we’ll fight over who orders what, who’s budget it’s going to come out of? ‘No. It’s a social commode.’ What on earth is a social commode? (Social Worker)
Follow-up We see patients when they get home and we look for their care plan, and its nothing, its just a few notes about mobilisation or medicines. There is nothing detailed about what level of care they need. So we spend a lot of time re-assessing the patient and devising new care plans (Social care)
We always try to see the patient after they get home, but we have a lot of patients and it wont be straight away. We usually rely upon the social care re-ablement teams to provide that initial general support. The GP doesn’t really get involved unless there is a problem. (Community nurse)
Education We spend a lot of time with the patients providing structure rehabilitation with support for them to manage at home, but it is not always easy to get the messages across especially when the patient is very frail (Occupational Therapist)
A lot of the burden falls on the family to provide support and they are not always available or informed about what their relative needs (Nurse)
Planning I think the key thing is lack of continuity and all the stuff that centres around that, the documentation, the proper information, the Social Worker is not there that day…(Nurse)
The MDTs are pretty poor. They are completely driven by the surgical and nursing priorities, and we go no look in to the decision (Occupational Therapist)
I think sometimes the junior doctors get an awful lot of responsibility. They don’t know that patient but they’re expected to complete that discharge when they’ve never set eyes on that patient. (Nurse).
Referrals We can’t actually refer them to any outside services until they are medically fit. So until they reach a point where they’re medically fit for discharge we can’t actually do anything about referring them on to anybody until that point. (Nurse)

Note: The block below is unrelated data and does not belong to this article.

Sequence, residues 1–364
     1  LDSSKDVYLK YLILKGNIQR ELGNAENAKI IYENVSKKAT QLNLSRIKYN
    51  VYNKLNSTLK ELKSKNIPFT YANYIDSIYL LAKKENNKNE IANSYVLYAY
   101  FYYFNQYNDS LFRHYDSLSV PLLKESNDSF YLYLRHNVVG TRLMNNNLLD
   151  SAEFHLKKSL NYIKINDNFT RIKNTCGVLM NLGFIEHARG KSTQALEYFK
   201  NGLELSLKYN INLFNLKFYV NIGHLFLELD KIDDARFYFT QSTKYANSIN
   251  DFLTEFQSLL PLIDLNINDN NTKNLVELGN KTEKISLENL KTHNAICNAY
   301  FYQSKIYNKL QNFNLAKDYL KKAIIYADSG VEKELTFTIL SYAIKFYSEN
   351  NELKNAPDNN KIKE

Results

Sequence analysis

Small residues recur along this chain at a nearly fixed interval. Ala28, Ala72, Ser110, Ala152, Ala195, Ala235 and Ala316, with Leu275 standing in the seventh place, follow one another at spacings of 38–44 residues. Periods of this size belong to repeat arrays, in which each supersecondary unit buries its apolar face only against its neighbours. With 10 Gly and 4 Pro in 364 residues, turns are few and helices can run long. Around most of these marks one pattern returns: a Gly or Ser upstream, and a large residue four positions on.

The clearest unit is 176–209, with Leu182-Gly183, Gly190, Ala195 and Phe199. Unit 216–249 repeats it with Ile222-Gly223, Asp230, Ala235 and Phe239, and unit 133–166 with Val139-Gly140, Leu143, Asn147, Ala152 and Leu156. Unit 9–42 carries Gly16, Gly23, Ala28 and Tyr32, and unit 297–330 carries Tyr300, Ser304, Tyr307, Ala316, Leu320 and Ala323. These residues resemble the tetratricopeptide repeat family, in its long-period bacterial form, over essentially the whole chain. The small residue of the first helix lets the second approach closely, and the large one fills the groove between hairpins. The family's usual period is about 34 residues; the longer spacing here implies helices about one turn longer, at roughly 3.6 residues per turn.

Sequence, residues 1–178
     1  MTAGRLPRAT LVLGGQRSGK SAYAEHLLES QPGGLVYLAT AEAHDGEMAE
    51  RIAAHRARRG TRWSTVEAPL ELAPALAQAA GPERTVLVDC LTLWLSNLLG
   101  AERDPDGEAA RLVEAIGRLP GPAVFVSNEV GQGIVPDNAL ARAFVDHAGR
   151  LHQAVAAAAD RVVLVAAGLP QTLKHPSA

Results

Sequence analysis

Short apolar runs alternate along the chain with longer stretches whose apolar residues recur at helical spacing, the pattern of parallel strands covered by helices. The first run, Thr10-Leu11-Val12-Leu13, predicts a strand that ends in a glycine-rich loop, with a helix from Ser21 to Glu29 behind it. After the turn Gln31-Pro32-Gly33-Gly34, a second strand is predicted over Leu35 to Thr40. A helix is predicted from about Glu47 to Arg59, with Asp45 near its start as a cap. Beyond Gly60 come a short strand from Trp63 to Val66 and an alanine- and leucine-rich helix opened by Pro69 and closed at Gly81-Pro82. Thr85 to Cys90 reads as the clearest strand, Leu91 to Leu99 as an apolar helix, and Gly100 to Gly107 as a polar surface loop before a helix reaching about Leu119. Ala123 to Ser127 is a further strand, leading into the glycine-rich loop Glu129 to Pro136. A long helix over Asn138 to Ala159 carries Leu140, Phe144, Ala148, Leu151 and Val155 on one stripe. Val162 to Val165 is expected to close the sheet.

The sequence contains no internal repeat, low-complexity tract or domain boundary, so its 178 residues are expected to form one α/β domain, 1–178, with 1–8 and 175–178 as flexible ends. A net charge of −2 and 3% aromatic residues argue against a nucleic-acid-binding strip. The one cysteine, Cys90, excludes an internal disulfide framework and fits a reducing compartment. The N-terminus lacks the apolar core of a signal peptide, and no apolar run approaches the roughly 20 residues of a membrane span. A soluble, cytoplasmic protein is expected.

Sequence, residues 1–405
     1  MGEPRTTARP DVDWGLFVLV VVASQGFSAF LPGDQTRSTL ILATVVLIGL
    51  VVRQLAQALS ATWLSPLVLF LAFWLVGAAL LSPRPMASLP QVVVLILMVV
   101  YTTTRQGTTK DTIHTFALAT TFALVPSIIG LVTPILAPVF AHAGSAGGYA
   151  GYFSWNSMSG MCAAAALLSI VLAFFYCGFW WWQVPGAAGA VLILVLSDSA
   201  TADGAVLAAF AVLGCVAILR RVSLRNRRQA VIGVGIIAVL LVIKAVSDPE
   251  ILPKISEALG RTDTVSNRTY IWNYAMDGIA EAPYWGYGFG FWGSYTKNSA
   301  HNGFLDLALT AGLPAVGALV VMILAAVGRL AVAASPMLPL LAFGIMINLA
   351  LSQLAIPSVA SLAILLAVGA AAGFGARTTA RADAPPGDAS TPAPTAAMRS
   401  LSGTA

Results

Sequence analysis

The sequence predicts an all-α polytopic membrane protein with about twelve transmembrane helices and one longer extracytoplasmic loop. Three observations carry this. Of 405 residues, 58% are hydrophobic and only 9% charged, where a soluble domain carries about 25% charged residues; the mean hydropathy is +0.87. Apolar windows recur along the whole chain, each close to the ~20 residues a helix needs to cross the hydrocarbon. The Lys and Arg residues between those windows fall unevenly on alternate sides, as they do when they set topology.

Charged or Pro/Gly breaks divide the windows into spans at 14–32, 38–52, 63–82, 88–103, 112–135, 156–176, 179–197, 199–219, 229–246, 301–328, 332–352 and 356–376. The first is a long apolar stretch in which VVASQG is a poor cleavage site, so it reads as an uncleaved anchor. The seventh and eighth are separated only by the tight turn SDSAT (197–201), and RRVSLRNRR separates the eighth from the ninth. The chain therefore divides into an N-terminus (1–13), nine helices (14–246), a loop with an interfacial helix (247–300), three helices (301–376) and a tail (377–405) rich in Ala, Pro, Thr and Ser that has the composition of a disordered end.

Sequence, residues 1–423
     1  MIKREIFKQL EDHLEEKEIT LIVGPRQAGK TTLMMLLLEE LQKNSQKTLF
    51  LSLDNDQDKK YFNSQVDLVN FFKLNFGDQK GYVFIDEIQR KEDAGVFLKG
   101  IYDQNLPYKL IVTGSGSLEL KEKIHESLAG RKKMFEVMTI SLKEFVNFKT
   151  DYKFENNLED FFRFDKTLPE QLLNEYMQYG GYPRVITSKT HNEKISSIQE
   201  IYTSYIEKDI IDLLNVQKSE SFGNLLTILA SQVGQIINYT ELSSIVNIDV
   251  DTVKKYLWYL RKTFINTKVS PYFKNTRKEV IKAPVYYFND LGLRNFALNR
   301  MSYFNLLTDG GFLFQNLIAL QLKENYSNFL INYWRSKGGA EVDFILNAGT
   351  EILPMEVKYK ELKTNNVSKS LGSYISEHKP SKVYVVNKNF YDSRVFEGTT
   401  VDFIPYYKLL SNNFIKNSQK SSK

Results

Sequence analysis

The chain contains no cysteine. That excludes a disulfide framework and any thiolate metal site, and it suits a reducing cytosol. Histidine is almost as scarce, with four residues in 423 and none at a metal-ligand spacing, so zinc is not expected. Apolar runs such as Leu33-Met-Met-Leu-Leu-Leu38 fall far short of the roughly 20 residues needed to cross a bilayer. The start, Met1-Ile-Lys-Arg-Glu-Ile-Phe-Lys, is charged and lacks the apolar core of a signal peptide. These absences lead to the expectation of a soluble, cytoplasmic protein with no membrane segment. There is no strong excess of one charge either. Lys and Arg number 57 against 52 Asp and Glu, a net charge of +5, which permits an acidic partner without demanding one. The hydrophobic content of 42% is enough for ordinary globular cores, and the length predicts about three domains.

It should be pretty straight forward, but each time it is different, and you never know which social worker you are after. And they keep changing any way. So it makes you think there is no continuity of care once they leave hospital (Nurse)
Timing & Scheduling …if you stay in hospital longer than you should, you get a chest infection or you fall and fracture your hip and you die. (Doctor)
From half-past five in the morning to strip my bed and I was sitting on a chair from that time till I got home. It had gone eight o’clock at night. I felt like I wanted to cry because, you know, I felt they just didn’t care. (Patient)
Resource Constraints They’re closing these homes and the services are not available. We’re actually dealing with a very, I would say, an increase in need and service, but the services are not being put out there for whatever reason (Occupational Therapist)
Organisational Pressures It’s a process machine. I often think of it and I know it sounds a bit inhumane, but I think of it like a sausage factory…. (Nurse)
That’s what I’m on about with the pressure to get people out and maybe not come through the social work route because it comes out of their budget because we’re not joined-up are we with budgets (Nurse)
Every morning a manager will come down to the ward and ask use to go through the daily discharges…pushing us to move get these one’s one or prioritise these patients. They never really look at the cases (Nurse)